This time around, the game will be in Mebane. And this time around, the game will have even higher stakes. 

To the winner of this state quarterfinal matchup, there awaits a berth in the Eastern Regional championship series - a best two-of-three showdown - against either D.H. Conley, the No. 1 overall seed, or Southern Alamance, who the Eagles have already defeated once this season, and also defeated last year in the second round of the state playoffs. 

“We’ll take a look at them (Cleveland),” Way replied. “We’ll just prepare. We’ll go back to the same hitting stuff. We’ll put machines out. We’ll do hitting. We’ll do a bunt circuit. We have the cages with machines. We have all the tees out. It takes us about 30 minutes just to bring everything out and put it up. The coaching staff has to throw balls, and just keep them focused. I cut back on practice as well (this time of year). We do about 45 minutes of hitting, and 45 minutes of defense, trying to keep them fresh.”

Way, who indicated that this is one of the most relaxed groups of softball players he’s ever worked with, has been walking a line throughout the season with his young team from the standpoint that he wants them to be loose, but he doesn’t want them to be cocky or over-confident.  

“This is the loosest team I’ve ever had in the 12 years I’ve been here, or the nine years I’ve been a head coach,” Way said. “They dance at practice. I just let them have fun, and just let them kind of do what they want to do until it gets crazy, and then I’ll stop it. We talk some of the things we did well, and some of the things we did bad. We’ll have a practice plan (for Cleveland), and we’ll just go back to work. And they know that.”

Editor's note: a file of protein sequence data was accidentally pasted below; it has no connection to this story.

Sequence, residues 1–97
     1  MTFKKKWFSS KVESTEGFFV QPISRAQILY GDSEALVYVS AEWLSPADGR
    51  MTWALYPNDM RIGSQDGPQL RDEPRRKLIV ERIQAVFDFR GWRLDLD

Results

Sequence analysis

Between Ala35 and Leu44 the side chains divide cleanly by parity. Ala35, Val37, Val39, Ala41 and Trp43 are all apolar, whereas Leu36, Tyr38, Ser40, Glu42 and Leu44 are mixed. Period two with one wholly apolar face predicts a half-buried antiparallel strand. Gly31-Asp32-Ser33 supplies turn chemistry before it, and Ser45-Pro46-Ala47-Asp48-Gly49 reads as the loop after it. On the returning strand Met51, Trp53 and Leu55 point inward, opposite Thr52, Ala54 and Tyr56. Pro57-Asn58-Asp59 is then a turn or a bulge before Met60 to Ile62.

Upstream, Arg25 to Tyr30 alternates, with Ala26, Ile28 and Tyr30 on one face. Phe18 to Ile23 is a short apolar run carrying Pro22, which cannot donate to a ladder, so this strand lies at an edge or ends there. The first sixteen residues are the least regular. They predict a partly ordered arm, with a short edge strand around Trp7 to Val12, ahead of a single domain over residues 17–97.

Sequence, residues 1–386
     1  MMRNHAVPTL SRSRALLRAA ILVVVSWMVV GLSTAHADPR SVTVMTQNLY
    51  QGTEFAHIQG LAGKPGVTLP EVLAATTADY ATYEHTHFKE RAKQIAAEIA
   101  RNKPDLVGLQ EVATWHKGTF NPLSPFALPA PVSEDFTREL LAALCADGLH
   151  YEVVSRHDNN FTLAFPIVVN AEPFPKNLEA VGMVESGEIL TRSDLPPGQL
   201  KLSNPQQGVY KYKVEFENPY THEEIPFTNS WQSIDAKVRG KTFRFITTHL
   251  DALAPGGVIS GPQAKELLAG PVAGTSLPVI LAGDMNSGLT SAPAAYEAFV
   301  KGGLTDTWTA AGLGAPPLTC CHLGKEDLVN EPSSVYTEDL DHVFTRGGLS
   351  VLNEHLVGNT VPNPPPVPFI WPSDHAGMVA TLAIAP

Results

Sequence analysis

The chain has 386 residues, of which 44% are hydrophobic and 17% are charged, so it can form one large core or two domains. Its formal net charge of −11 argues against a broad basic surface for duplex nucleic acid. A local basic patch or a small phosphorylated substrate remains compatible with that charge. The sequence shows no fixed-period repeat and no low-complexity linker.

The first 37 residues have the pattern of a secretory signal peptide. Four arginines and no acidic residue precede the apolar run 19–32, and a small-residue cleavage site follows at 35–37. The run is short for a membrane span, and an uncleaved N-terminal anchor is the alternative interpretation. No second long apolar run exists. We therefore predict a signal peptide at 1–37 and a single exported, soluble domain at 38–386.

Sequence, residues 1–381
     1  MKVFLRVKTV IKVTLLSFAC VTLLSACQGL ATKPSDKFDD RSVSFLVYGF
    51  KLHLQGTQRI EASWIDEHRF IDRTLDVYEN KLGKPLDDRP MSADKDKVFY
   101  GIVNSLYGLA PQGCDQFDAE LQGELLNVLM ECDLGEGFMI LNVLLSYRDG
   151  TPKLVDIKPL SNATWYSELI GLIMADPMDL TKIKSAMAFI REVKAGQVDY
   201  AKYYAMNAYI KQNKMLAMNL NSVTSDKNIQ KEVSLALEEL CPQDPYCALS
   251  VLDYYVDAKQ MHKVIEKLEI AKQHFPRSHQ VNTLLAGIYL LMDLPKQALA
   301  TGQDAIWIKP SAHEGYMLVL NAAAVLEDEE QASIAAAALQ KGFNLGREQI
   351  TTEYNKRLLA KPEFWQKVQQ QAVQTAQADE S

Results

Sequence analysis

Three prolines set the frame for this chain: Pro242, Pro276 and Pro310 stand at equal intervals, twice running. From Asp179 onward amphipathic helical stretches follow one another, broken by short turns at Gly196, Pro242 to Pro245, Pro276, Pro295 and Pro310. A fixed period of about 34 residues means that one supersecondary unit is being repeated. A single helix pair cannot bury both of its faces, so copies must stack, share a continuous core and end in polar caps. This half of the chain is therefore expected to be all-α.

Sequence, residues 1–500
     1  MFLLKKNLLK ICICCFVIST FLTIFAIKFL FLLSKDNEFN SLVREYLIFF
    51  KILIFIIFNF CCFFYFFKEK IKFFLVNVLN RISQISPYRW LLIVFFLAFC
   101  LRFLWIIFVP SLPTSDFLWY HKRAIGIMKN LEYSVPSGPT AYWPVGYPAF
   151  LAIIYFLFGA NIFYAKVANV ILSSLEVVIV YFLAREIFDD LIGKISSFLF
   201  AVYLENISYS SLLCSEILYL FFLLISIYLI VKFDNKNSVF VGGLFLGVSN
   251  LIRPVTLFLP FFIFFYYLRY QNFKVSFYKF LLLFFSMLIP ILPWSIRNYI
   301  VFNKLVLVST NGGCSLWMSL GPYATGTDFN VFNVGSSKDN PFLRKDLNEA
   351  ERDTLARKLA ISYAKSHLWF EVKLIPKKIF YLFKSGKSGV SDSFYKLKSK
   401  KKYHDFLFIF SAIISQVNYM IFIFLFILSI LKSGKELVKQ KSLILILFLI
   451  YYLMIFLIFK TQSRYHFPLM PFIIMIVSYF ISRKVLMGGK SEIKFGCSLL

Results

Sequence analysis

Eastern’s freshmen and sophomores have joined veterans such as Morgan Lawson and Cameryn Bass by peaking at just the right time. Together, they’re playing their best softball right when they want to be. 

And if they can find a way to win just three more games, they’ll be competing for a state championship. 

“We practice together. We work out together. We practice the JVs and varsity together. Whether you’re a freshman or senior, you’re going to take the same amount of fly balls and ground balls. You’re going to get the same amount of swings. Because you don’t ever know when something is going to come up,” Way said. “ Maddie Lawson, she throws three or four days a week, just in case (we need her to pitch). I think that’s the key. They get the same reps. So now the freshmen are really sophomores, the sophomores are really juniors, and the juniors are really seniors."